Jesus commissioned 70 of His disciples to be laborers in the plentiful harvest. Luke records that these seventy were successful in their mission. They were even able to cast away demons in Jesus’ name. They returned to Jesus rejoicing, obviously amazed at the things that they were able to do. Although, Jesus encouraged them not to rejoice because of spirits being subject to them, but because their names were recorded in heaven. Jesus also rejoiced, but Luke did not record it as rejoicing with the disciples, but “He rejoiced greatly in the Holy Spirit,” and then praised God the Father, saying “I praise You, O Father, Lord of heaven and earth, that You have hidden these things from the wise and intelligent and have revealed them to infants. Yes, Father, for in this way was well-pleasing in Your sight.” (Lk 10:21,NASB).
I read this and told God, “Lord, I don’t want to be wise and intelligent anymore.” But at the end of the day, it’s not really about being “wise and intelligent” per se, but it’s about the pride that consumes us when we know we are wise and intelligent. When we know a lot of things, can prove different phenomena, and win debates, we tend to be self-reliant and our world starts to revolve around us. It begins to be all about us, and our abilities. Jesus also said, “If your right hand makes you stumble, cut it off and throw it from you; for it is better for you to lose one of the parts of your body, than for your whole body to go into hell.” (Mt.5:30,NASB) So what does the wise and the intelligent have to do? “Cut off” their own wisdom and intelligence–surrender them to the giver of True knowledge and wisdom.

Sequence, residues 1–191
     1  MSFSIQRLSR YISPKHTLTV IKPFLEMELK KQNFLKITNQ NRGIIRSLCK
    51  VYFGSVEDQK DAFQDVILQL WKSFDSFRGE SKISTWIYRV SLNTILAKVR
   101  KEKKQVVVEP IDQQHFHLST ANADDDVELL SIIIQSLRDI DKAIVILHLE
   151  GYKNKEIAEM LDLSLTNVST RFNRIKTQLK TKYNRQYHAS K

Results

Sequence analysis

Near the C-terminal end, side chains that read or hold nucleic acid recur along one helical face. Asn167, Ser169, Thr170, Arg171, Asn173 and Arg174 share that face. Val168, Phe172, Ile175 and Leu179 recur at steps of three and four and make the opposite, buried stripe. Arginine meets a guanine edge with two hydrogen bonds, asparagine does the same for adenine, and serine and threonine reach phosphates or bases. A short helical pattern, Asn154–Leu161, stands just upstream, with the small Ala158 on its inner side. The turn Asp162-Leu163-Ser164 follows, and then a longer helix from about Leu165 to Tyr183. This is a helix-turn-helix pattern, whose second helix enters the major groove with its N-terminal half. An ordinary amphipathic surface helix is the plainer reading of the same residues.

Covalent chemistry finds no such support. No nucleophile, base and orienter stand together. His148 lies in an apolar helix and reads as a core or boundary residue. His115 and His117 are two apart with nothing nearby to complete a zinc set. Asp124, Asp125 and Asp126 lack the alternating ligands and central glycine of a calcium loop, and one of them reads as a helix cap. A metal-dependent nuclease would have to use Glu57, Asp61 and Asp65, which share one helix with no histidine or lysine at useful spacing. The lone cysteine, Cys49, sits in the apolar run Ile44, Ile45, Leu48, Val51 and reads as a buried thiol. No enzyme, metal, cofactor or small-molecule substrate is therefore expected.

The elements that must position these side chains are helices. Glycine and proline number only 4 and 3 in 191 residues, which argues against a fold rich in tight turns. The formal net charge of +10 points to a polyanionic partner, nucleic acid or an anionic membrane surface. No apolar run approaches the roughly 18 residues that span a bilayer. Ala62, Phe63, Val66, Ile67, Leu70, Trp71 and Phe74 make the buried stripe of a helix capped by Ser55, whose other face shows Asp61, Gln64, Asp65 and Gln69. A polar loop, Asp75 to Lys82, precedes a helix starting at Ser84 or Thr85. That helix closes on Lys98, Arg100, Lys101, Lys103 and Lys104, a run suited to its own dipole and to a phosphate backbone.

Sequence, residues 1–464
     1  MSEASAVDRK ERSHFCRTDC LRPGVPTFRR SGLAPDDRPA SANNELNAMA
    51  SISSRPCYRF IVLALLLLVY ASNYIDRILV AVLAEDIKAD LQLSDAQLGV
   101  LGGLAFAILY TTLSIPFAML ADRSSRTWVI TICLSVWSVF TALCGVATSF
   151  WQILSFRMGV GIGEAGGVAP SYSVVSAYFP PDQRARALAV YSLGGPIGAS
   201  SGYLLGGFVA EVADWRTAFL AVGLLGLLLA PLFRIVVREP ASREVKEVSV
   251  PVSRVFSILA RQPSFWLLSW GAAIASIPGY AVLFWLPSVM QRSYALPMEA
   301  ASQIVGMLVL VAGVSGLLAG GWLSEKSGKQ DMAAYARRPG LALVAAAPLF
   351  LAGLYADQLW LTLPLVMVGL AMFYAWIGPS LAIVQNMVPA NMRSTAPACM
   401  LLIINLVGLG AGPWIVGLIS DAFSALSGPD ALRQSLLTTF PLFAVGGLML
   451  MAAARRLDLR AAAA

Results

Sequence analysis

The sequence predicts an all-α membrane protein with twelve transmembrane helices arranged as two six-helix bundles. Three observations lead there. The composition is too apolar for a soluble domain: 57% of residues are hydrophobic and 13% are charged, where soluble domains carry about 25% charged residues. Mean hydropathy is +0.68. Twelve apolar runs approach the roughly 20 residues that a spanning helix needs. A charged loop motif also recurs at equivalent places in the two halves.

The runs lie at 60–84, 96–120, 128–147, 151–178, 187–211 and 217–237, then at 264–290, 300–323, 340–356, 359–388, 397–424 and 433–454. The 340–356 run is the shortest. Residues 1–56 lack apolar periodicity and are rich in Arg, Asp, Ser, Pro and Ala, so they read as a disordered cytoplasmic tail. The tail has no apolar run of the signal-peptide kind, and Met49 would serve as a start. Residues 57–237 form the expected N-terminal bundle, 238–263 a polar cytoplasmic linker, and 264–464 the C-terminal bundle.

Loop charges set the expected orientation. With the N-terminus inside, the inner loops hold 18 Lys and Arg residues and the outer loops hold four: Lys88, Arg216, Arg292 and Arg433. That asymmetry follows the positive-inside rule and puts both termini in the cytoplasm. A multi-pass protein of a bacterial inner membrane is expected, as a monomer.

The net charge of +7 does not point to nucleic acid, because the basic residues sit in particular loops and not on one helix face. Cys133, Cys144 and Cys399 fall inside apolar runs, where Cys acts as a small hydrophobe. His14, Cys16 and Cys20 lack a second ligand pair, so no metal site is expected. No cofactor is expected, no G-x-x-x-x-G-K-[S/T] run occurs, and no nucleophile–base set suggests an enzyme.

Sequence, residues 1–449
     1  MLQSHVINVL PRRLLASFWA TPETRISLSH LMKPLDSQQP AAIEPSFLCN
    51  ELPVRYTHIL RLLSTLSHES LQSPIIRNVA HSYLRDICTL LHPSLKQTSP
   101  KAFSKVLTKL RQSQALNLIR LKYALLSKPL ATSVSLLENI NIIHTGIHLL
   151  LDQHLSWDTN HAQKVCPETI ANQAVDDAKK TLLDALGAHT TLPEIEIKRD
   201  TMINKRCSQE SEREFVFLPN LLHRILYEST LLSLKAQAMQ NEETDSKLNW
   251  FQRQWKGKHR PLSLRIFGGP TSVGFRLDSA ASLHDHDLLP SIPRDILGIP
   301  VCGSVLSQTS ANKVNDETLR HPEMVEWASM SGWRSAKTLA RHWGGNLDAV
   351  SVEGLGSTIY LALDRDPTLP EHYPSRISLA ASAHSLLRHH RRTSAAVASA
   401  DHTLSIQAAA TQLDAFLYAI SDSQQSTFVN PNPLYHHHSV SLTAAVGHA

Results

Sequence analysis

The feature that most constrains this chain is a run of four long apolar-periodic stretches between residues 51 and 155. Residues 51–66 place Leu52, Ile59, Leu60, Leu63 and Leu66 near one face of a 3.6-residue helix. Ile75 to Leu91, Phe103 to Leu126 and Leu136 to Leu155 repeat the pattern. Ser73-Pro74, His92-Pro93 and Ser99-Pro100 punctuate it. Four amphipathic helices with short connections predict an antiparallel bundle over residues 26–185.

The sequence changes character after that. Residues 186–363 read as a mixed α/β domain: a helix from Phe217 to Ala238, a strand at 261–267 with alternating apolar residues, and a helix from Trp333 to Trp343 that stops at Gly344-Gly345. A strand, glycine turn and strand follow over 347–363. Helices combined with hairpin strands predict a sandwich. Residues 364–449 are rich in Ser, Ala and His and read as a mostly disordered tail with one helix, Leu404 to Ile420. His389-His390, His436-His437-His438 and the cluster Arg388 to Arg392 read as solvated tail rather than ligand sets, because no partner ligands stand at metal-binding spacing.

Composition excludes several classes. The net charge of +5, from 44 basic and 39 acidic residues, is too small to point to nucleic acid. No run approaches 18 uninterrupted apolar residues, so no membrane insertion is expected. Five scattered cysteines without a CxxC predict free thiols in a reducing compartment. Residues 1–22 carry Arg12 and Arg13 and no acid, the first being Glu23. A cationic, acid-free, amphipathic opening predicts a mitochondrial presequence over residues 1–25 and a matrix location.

Personally speaking, I have often found my mind as the one which causes me to stumble. Questions would flood my consciousness and demand my attention. Some of them get answered and these answers stirs up some mysterious emotions inside me. At these times, I humbly come before my Lord, the Source of everything, weeping, thanking Him of these revelations. But I also ask Him for help so I would be able to test them because I only want to hold on to what is good (1 Thessalonians 5:21).
At the end of the day, I just like to stand in awe of my amazing God who gives and takes away. My Father who simply loves me and who has a wonderful plan for my life. I pray that I would be able to “lay aside every encumbrance, [especially the “trivial” things], and the sin which so easily entangles [me], that [I] may be able to run with endurance the race that is set before [me], fixing [my] eyes on Jesus, the author and perfecter of faith” (Hebrews 12:1-2,NASB).